Published: Mon, November 13, 2017
Worldwide | By Isabel Fisher

United Kingdom parliament to get vote on final Brexit deal

United Kingdom parliament to get vote on final Brexit deal

In a bid to keep both Brexiteers and Remainers on side, Davis ended his appearance at the despatch box by describing the vote as "a meaningful vote, but not one that can undo Brexit".

"By announcing this bill, we are providing clarity and certainty - both in the negotiations and at home - about the final agreement being put into United Kingdom law".

"I welcome the announcement today that parliament will be asked to approve any withdrawal agreement by statute but it remains the case that the bill as drafted does not reflect what the government is now promising - and the bill will therefore have to be changed to meet the government's promise", he said.

"This also means that Parliament will be given time to debate, scrutinise and vote on the final agreement we strike with the EU".

And he said there would be no withdrawal agreement bill, or vote, if London can not strike a deal with Brussels.

Ten Conservative MPs had signed an amendment insisting the promised "meaningful vote" had to take the form of standalone legislation, threatening the Government with possible defeat. Tellingly, it comes as the government try to persuade Tory rebels to play ball over the EU Withdrawal Bill which returns to the House tomorrow - and this concession is aimed directly at an amendment to that nature from Dominic Grieve.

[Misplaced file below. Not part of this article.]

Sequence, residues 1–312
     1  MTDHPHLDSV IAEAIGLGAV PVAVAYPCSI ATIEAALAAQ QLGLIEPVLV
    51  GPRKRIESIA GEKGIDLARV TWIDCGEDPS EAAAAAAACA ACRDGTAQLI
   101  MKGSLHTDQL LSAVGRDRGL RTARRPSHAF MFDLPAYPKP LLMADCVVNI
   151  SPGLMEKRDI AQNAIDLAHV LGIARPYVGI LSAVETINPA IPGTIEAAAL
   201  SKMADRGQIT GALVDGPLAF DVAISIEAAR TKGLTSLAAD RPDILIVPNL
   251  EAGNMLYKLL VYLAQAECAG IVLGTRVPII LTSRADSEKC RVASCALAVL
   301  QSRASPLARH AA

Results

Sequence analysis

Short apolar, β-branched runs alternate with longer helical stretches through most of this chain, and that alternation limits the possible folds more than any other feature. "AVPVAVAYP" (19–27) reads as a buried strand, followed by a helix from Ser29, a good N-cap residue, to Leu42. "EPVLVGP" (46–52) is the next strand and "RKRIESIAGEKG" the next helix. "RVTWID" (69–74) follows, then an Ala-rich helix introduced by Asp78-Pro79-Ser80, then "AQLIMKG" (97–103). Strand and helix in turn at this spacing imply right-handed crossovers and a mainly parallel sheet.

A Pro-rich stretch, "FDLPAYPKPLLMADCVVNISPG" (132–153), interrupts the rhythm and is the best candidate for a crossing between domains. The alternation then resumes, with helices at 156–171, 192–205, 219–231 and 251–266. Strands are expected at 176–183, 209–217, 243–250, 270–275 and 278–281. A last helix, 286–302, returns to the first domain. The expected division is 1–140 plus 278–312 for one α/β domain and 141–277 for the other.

The UK parliament will be given the opportunity to vote on a final Brexit deal before the country leaves the EU, David Davis told MPs this afternoon.


Davis's move was seen as an attempted concession to Conservative rebels who may defy the government this week by voting against separate Brexit legislation transferring existing European Union laws to Britain.

She posted on Twitter: "Pointless if we have enshrined a drop dead date in the Bill, & get a deal at 11th hour!"

However, the offer was immediately attacked by both Labour and Conservative politicians, who expressed anger that it did not give parliament any say in the case of a no-deal Brexit.

Fellow Conservative MP Antoinette Sandbach similarly labelled the Government's promise "meaningless" should Brexit talks slip beyond March 2019.

Keir Starmer, Labour's Brexit spokesman, said the proposed law was "a significant climbdown from a weak government on the verge of defeat" in a series of upcoming lawmaker Brexit debates. "They have finally backed down", he said.

"However, like everything with this Government the devil will be in the detail".

Britain is due to leave the European Union in March 2019, regardless of whether MPs back or reject the proposed deal.

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